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Classes

Prototype (P)

Prototype Challenge(PC)

GT Le Mans (GTLM

GT Daytona (GTD)

USCC Point Standings
2014 After Watkins Glen
Prototype Drivers
Pos Drivers Total
1 Joao Barbosa 31
1 Christian Fittipaldi 31
2 Brian Frisselle 26
2 Burt Frisselle 26
3 Sage Karam 26
4 Max Angelelli 25
4 Jordan Taylor 25
4 Ricky Taylor 25
5 Scott Pruett 24
5 Memo Rojas 24
6 Sebastien Bourdais 23
7 Michael Valiante 22
7 Richard Westbrook 22
8 Scott Dixon 22
8 Tony Kanaan 22
9 Ryan Dalziel 21
9 Scott Sharp 21
10 Johannes van Overbeek 21
10 Ed Brown 21
11 Marino Franchitti 20
12 Alex Brundle 20
12 Gustavo Yacaman 20
13 Eric Curran 18
13 Boris Said 18
14 Oswaldo Negri Jr. 18
14 John Pew 18
15 Joel Miller 18
15 Tristan Vautier 18
16 Gabby Chaves 18
16 Katherine Legge 18
17 David Brabham 17
18 Simon Pagenaud 17
19 Wayne Taylor 15
20 Fabien Giroix 14
20 John Martin 14

Manufacturers
1 Chevrolet 38
2 Ford 34
3 Nissan 28
4 Honda 26
5 Mazda 18
Is the ALMS half empty or half full?

by David Philipps
Tuesday, August 25, 2009

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The American Le Mans Series’ announcement at Road America of its consolidation of the LMP and GT classes - coupled with the introduction of the LMP Challenge class - will provide pundits and seers with plenty to chew on in the coming weeks and months. Purists will doubtless decry the introduction of a dreaded “spec” series to an arena whose raison d’être is diversity and technical innovation, not homogenization and technical stasis. Pragmatists will embrace a decision that, in one fell swoop, makes for a rational consolidation of four classes into two while promising perhaps a half-dozen new, high-tech - albeit identical - prototype-esque entries to the grid.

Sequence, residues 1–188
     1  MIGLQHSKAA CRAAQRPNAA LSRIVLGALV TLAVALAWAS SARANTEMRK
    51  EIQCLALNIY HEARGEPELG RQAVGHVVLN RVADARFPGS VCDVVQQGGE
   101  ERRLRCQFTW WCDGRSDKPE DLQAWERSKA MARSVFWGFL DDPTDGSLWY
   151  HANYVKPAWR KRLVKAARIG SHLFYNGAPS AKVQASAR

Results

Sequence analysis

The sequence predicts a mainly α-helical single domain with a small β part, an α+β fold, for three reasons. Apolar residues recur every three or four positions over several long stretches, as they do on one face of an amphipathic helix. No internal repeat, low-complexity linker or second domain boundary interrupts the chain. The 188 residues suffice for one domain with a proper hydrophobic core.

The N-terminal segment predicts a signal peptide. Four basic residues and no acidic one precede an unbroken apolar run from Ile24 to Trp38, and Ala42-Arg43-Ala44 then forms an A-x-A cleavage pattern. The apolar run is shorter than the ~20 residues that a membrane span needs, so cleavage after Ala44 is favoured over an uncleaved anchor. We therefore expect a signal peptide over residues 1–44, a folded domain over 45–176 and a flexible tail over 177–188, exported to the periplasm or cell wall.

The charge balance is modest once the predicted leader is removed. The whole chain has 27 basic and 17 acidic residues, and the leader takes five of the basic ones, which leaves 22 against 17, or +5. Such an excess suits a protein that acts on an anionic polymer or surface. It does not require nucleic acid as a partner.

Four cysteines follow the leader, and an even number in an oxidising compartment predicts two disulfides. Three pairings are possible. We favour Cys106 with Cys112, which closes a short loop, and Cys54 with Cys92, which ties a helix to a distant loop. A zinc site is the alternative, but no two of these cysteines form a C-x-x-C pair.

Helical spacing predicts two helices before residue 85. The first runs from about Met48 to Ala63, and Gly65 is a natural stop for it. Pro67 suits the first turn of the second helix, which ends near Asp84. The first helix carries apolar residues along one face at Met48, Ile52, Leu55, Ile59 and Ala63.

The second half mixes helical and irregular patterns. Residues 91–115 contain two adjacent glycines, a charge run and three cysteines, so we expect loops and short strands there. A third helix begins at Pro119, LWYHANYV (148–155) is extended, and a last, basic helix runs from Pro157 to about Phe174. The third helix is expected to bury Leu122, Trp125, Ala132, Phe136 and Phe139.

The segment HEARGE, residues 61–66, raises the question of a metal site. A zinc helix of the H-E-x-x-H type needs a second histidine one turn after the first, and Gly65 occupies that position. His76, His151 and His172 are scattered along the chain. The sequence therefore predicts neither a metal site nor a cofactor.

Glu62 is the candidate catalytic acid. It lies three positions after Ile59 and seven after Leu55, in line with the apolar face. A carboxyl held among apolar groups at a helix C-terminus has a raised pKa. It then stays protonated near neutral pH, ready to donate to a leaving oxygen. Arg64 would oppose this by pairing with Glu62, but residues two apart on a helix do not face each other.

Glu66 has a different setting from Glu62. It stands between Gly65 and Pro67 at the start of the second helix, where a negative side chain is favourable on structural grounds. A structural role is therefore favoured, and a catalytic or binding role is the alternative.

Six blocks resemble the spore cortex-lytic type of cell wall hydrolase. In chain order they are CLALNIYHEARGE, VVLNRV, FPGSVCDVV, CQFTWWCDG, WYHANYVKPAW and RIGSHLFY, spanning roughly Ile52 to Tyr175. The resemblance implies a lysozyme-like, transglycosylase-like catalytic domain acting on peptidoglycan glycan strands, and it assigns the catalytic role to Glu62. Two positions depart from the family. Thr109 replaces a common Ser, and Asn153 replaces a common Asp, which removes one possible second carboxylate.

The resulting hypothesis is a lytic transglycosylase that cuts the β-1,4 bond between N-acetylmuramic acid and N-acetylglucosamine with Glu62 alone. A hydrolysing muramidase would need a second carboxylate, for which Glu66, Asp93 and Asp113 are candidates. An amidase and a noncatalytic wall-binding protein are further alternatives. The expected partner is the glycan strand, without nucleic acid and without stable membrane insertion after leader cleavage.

Rather than purists and pragmatists, Series boss Scott Atherton preferred the “is the glass half empty or half full” analogy in his public comments at Road America. From the “half empty” perspective, he readily conceded that, as with the Challenge GT cars added to the field earlier this year, one aim of introducing the LMP Challenge cars is to increase numbers. But, as he was quick to note, it is not the only aim or outcome of a Challenge class. From the “half full” point of view, he noted that at least one current Challenge program is planning to move up to GT2 in 2010. So in addition to bulking up what - from the perspective of mid-August ’09 - otherwise promises to be a gossamer thin prototype entry next year, the LMP Challenge class may provide entry to the “real” prototype class.

Others were also thinking long-term…say ’11 and beyond. With the ACO expected to announce its rules for 2011 shortly - rules that are widely anticipated to reduce if not eliminate the unfair advantage enjoyed by diesel-engined prototypes since ’06 - there were some at Road America who viewed the LMP Challenge and class consolidation as a move to bridge the Series circa ’09 and ’11. In other words, it is a move to get the Series over the hump of what figures to be a challenging ’10 campaign (at least prototype-wise) and into an ‘11 season that could see a renaissance of multi-manufacturer involvement in prototypes coinciding with the new ACO rules and - we can all hope - a robust economic recovery.